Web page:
To all child life students: this is a perfect example of how to stand out in the child life world. Not only would it look impressive on a resume, it will also help you with your personal professional development and medical knowledge. I’m not going to lie, I know that for my hospital’s camp there is a big commitment for those volunteering (in the end totaling 90+ hours). But, in my opinion, it’s worth it! There are camps like the one my hospital hosts all over the country and for various medical specialty populations. Had I known about this camp earlier on in my adventure in child life, I would have totally volunteered!

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You can’t have a rainbow without a little rain

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It’s been almost 5 months that I’ve been working at my new job as an inpatient child life specialist. Having been an outpatient child life specialist for 2 years, I am loving the change. Some of the things I love the most about my new role is having ample time to build rapport with my patients, having time to provide more in depth diagnosis teachings, and my new favorite thing: engaging my patients in therapeutic activities! Therapeutic activities is something I’ve always tried to incorporate into my child life practice however due to the nature of the fast paced emergency room, I rarely got the chance to. Here is one activity I facilitated during my first couple of weeks in my new role.


At first, I was a bit nervous because I was not sure that I’d be able to know which one of my patients would really benefit from a therapeutic activity. However upon meeting one of my teenage patients who’s frequently hospitalized for extended periods of time due to her condition, it was clear to see this was the perfect opportunity. I presented the activity to my patient with the theme of “you can’t have rainbows without a little rain”. In the clouds, she wrote things that make her feel sad about having to be hospitalized and in the rainbow she wrote benefits of being treated at the hospital. This way she has a nice reminder of the “pro’s” of being in the hospital when she needs a pick-me-up.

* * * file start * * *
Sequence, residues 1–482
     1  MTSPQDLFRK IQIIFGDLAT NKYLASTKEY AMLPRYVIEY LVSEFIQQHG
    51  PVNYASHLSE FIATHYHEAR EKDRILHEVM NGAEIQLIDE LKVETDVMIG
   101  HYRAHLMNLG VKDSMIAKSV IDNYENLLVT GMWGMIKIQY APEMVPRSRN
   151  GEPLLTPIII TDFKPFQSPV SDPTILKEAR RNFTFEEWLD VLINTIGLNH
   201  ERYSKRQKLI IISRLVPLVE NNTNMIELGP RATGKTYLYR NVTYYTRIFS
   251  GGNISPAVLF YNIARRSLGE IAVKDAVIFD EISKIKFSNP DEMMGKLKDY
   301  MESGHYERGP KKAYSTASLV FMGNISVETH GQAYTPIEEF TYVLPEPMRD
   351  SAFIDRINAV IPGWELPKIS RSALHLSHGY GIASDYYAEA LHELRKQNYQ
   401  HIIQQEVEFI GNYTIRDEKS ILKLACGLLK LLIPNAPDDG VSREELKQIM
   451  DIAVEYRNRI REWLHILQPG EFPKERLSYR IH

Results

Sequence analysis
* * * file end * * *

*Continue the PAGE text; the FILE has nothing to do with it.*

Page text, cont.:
She and I both had so much fun putting together her poster board and I was able to learn so much about her.  As for the materials I used, I put together supplies last minute after coming up with the theme. In fact, all I had with me was a poster board and cloud cut outs! I had the patient choose between markers, crayons, paint, glitter, magazine cut outs, etc. and just followed her lead with how she wanted to create her art. Not too shabby for our first time, eh?!

Cystic fibrosis resources! 

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Working on a respiratory unit I often have patients that have been diagnosed with Cystic Fibrosis (CF). This is a population I never worked with at my previous position in the pediatric emergency room so I had a lot of learning to do coming into my new position. May is CF awareness month so I thought I’d share some of the amazing resources I have found to help educate and support our CF patients.

With a quick google search, I was able to find (free!) resources via the cystic fibrosis foundation web page. I requested a couple of items, one of which is my ultimate favorite: a coloring/story book about a little panda with CF name Huxi! I was also sent booklets for parents/caregivers, booklets for teens, and a big “ultimate guide to CF” binder, stress balls, and luggage tags. I am so thankful for all of these resources and how they will help my patients (and myself) learn more about CF.

To see where I found these resources, follow the link below:

http://www.foundcare.com/fc-patients/resources/

& my adventure continues…